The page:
Schools Find Minor Lead Levels in Drinking Water

No Legal Action Is Required for Results Below 15 Parts Per Billion

Lead counts at this Franklin School water fountain do not exceed federal thresholds but are still cause for concern.

Santa Barbara Unified School District jumped the gun on Assembly Bill 746, which requires all California public schools to have their water tested for lead by July 1, 2019. In a proactive move, S.B. Unified had their water tested in June 2016 and replaced a kitchen pot filler at La Colina Jr. High that was dispensing water with 15 parts per billion (ppb) of lead, the legal limit in which action is required. However, other schools in the district had results of lead above 5 ppb, the federal regulation limit for bottled water, and no action has been taken. Most notable was Franklin Elementary School’s Room 19 drinking fountain, which had results of 13 ppb, only 2 ppb below actionable level. 

Although, no legal action is required for results below 15 ppb, other schools in the area have taken action for results below 15 ppb. In Goleta Unified District, Hollister Elementary School had two drinking fountains between 5 and 15ppb. The district removed one fountain and installed an inline filter on the other. S.B. Unified took no action to remediate any fixtures below the legal actionable level. “None of the classrooms listed exceeded the required action level of 15 ppb, so we did not replace them at the time of the report,” said S.B. Unified spokesperson Lauren Bianchi. Aside from the actionable result, seven other samples at five different schools showed results between 5 and 15 ppb. However, “based on the average service life of most faucets, some may have already been replaced during routine maintenance,” said Bianchi.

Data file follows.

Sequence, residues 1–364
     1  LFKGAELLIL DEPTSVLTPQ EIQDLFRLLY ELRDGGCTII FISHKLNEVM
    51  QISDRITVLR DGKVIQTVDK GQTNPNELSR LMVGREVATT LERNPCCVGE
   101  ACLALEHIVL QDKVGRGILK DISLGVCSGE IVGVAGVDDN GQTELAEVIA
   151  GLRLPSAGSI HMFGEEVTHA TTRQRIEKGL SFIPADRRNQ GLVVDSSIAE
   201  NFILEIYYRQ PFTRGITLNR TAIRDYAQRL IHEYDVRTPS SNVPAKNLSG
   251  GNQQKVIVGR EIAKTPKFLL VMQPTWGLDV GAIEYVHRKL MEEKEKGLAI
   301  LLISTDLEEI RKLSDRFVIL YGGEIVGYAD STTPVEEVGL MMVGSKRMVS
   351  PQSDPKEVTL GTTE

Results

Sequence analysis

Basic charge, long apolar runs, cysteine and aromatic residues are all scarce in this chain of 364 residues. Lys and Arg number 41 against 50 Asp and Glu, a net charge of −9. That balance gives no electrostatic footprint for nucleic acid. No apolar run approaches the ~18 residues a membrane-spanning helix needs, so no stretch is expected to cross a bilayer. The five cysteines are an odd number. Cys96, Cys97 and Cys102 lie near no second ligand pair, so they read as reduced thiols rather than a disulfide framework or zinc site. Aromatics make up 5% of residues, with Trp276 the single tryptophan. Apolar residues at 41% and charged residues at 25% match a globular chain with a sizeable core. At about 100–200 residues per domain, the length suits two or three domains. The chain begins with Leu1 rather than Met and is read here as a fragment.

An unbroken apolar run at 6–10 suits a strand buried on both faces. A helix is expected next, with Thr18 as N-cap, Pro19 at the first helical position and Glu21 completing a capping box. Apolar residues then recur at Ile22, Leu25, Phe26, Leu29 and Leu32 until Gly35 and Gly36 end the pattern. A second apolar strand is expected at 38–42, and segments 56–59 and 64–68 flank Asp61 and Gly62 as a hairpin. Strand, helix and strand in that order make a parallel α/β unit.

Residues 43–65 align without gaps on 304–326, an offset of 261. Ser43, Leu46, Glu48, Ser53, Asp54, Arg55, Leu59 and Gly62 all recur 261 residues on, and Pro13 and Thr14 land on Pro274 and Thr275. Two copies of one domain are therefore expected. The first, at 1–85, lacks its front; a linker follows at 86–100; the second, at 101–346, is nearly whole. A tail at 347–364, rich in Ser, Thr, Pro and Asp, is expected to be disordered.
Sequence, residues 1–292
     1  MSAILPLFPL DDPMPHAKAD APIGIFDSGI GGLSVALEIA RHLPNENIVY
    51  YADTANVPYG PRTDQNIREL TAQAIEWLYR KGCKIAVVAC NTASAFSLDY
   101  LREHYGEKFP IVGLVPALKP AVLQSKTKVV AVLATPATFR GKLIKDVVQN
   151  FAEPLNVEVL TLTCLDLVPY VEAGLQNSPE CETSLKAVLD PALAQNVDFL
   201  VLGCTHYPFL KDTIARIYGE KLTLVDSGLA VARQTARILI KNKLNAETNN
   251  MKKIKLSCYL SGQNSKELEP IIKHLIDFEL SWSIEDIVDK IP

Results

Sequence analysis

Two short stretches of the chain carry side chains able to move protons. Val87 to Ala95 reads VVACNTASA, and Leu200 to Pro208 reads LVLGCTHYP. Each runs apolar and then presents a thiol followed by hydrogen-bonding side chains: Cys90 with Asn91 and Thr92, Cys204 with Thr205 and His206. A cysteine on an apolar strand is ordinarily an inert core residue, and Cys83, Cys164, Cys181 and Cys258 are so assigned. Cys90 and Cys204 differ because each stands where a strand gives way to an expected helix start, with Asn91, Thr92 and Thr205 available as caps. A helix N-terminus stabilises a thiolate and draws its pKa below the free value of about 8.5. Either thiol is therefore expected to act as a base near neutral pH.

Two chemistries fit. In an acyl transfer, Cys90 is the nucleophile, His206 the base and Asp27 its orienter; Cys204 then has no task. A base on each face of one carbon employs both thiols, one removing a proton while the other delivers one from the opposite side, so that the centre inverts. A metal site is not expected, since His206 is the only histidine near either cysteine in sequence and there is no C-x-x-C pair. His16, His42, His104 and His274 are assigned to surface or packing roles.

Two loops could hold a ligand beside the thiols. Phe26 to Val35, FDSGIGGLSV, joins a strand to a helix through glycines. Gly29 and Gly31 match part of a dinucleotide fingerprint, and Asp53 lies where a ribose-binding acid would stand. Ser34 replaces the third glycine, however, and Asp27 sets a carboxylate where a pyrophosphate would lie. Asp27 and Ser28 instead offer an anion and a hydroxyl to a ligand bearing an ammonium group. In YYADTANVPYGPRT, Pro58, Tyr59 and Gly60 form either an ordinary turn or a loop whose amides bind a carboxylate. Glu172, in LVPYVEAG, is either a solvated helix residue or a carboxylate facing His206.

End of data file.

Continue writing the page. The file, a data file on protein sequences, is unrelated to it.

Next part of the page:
Franklin School filtered water station

Lead exposure can lower a child’s IQ, affect brain and nervous system development, slow growth, and cause hearing and speech problems. The Environmental Protection Agency set the 15-ppb threshold in the 1980s. Since then, they’ve set forth a public health goal of 0.2 ppb for lead in drinking water. The American Academy of Pediatrics also recommends state and local government “take steps to ensure that water fountains in schools do not exceed water lead concentration of 1 part per billion.” Children under the age of 6 are especially vulnerable to the harmful effects of lead. There is across-the-board consensus that no levels of lead are safe for children. 

Franklin Elementary School Room 19 Drinking Fountain: 13 ppb

La Colina Jr. High 600 Wing Drinking Fountain: 9.6 ppb

La Colina Jr. High 500 Wing Drinking Fountain: 5.9 ppb 

Goleta Valley Jr. High Auditorium Drinking Fountain: 6.9 ppb 

Goleta Valley Jr. High Kitchen Pot Filler: 8.3 ppb 

San Marcos High School M Wing Drinking Fountain: 6.6 ppb

Dos Pueblos Custodian Room: 5 ppb 


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